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Many students scramble to find part-time jobs during the school year to help pay for necessities or even fully support their school expenses (massive props to you folks). While these students gain valuable job experience, there are others that are not able to hold even a part-time job due to extensive commitments. Our busy NAU athletes rarely have time to fit in a job in addition to their academic and sports obligations- yet they still gain valuable transferable skills.  How do they do it? Nicole Sherwin, majoring in biomedical science from San Diego, plays center mid on the NAU Women’s soccer team and shared her experiences with us.

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What is an average day like for Nicole?

“Every day involves some sort of workout (sometimes two); whether that is a practice, weight-room session, or “day off” gym workout on my own. I go to my classes and usually stay on campus before practice. In the locker room we have a meeting room with a smart board and I like to go in there to study and sometimes watch a game that is on that day. Once 1:00 rolls around I get dressed for practice and head to the training room to get taped or do rehab exercises. Once practice is over, sometimes I have to go straight to another class so I either grab a snack from the HLC pharmacy or eat something I packed. After class (I usually get home between 8 or 9, depending on the day and the lab), I make and eat dinner, study, and then sleep. On the days I don’t have after practice class, I go home earlier and have more time to study.”

Needless to say, Nicole’s busy! When asked if time-management is an important part of being a collegiate athlete, she said:

“Most definitely. There are many things that a student-athlete has to learn to keep in balance to be successful. There are practices I can’t miss, weight-room trainings I can’t miss, classes I have to be at, and homework problems to do. Not to mention fitting in meals, and sleep that are essential for physical and mental success. I find that there are parts of my schedule that are more flexible, like when I choose to study and sleep, and there are the concrete factors like practices and classes that I can’t choose a time for… I find that I have to study in between my commitments and sometimes at weird times or in weird places, especially when on the road for competition.”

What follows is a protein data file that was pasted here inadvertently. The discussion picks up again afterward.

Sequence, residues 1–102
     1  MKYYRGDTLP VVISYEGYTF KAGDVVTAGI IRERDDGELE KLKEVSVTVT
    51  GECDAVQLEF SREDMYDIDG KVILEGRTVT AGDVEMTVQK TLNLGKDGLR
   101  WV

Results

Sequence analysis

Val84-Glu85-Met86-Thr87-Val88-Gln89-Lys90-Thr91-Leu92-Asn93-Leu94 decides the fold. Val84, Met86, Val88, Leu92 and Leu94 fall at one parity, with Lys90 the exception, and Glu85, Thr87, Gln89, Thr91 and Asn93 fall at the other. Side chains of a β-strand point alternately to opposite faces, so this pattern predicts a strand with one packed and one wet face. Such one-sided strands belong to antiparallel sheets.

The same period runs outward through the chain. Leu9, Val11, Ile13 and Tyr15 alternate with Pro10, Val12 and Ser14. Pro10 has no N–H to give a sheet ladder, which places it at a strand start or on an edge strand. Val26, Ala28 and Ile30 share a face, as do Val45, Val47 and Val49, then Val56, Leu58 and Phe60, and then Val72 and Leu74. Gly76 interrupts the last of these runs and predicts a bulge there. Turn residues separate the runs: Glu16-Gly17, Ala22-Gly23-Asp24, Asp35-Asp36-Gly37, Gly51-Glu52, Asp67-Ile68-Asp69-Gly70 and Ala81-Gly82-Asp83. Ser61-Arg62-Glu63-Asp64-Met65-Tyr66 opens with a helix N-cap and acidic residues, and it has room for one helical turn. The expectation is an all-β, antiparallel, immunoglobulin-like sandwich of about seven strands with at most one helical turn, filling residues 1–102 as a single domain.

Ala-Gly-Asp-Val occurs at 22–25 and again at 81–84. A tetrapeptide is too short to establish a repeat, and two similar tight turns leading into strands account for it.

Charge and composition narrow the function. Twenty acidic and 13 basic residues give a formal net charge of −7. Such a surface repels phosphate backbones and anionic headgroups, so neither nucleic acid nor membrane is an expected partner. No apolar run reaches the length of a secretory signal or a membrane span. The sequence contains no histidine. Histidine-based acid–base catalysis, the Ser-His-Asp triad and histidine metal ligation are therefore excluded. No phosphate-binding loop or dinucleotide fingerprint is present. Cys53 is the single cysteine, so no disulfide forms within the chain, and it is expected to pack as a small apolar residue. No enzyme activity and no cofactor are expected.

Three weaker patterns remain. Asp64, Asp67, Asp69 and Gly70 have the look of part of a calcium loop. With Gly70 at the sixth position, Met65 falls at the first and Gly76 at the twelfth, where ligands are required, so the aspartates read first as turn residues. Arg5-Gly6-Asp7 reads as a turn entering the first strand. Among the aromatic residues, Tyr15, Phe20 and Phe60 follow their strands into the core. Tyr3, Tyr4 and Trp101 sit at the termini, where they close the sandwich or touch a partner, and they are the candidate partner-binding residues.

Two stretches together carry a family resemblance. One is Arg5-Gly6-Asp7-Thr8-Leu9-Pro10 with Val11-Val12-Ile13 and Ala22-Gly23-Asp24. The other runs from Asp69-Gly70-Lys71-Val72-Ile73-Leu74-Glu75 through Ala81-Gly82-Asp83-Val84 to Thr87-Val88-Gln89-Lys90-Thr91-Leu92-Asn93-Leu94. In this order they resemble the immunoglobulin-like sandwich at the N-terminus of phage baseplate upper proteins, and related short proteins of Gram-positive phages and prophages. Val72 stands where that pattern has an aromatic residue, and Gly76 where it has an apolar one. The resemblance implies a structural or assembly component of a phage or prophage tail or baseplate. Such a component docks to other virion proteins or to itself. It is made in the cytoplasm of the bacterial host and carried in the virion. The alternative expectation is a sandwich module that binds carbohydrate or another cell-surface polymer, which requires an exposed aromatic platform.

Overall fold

Time management is a major skill that employers look for. Being able to manage your time shows organization and ability to prioritize responsibilities. What about communication?

“Every game requires communication. In soccer, we don’t get timeouts. We have the game and we have half-time to solve any problems we come across. Communication on the fly is essential for the team to do well. We signal, point, yell, make eye contact, talk when the ball goes out-of-bounds, listen, watch. I remember a specific time when I just made eye contact with one of my forwards, (she was my roommate for a while so I guess you could say we didn’t need much more than that to communicate) and she made the perfect run behind the defense as I lobbed the ball over. I don’t think it ended up being a goal-scoring play, but it was definitely a successful one.”

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Demonstrating to an employer that you have the necessary skills doesn’t always mean using previous jobs as an example. In Nicole’s case, her ability to communicate during half-time is a valid demonstration of her communication skills. Nicole told us how she feels her role as a college athlete will help her in her career:

“All the lessons that I have learned and the skills I have developed via soccer have made me a stronger person overall. I don’t give up, I can work with people, I take responsibility for my faults as well as my successes, I learn from every situation, good or bad, and know how to push myself to my limits. I know how to stay organized, punctual, and focused. I know how to manage my time and represent myself and my institution in a positive way. I know how to be humble, I know how to problem solve, and I’ve learned to appreciate every opportunity I get.”

Already, we have learned that Nicole has gained time-management, communication, focus, and punctuality from being on the NAU women’s soccer team.  These are all highly valuable, transferable job skills!  If you thought that sports were only about athleticism and Gatorade cooler dumps on coaches, you might be mistaken! Nicole has shown us that you don’t necessarily need a job or internship to gain career-relevant skills.

When Nicole brings her resume draft to our walk-in career advising session, we’ll be able to elaborate on all of her abilities! If you want to get some more awesome information on career-relevant skills you might not have thought of, be sure to check out our Professional Development Guide.

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